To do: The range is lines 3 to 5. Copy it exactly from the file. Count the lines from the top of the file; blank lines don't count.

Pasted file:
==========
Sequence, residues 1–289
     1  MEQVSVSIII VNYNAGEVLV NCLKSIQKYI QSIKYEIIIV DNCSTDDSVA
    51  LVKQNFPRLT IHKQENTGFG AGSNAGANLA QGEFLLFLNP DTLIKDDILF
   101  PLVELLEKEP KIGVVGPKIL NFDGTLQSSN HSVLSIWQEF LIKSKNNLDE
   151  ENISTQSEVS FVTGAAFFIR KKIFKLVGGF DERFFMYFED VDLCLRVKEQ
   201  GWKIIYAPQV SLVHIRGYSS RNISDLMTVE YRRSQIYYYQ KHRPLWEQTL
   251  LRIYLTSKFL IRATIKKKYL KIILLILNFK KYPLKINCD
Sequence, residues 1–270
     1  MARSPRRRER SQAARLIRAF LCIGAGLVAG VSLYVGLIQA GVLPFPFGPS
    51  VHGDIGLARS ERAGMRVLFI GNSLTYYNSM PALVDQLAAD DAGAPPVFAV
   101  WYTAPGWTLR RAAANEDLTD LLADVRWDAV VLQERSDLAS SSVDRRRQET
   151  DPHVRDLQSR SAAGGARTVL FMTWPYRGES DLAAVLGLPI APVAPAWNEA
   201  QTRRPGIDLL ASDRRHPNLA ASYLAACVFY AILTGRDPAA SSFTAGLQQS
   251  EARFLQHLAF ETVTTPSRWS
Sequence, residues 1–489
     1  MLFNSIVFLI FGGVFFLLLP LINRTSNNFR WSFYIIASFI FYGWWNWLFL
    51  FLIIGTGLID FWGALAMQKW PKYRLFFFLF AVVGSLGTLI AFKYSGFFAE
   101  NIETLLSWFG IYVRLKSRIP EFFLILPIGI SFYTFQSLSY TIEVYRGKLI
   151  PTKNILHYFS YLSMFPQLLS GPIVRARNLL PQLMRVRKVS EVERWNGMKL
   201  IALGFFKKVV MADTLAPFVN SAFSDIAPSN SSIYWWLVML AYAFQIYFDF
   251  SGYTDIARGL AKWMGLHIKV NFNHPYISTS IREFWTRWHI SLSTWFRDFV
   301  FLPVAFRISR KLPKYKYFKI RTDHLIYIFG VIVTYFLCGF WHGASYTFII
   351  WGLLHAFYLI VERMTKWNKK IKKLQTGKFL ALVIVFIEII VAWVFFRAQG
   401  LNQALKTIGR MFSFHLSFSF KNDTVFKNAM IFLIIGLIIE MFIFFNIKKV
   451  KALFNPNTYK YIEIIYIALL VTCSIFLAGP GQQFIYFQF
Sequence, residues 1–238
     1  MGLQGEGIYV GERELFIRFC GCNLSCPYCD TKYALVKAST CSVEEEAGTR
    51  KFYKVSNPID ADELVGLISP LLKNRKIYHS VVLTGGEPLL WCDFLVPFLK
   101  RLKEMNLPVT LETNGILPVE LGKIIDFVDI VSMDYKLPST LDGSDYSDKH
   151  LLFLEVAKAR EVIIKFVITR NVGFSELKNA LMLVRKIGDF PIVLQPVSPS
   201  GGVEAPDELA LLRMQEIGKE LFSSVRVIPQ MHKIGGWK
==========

    51  LVKQNFPRLT IHKQENTGFG AGSNAGANLA QGEFLLFLNP DTLIKDDILF
   101  PLVELLEKEP KIGVVGPKIL NFDGTLQSSN HSVLSIWQEF LIKSKNNLDE
   151  ENISTQSEVS FVTGAAFFIR KKIFKLVGGF DERFFMYFED VDLCLRVKEQ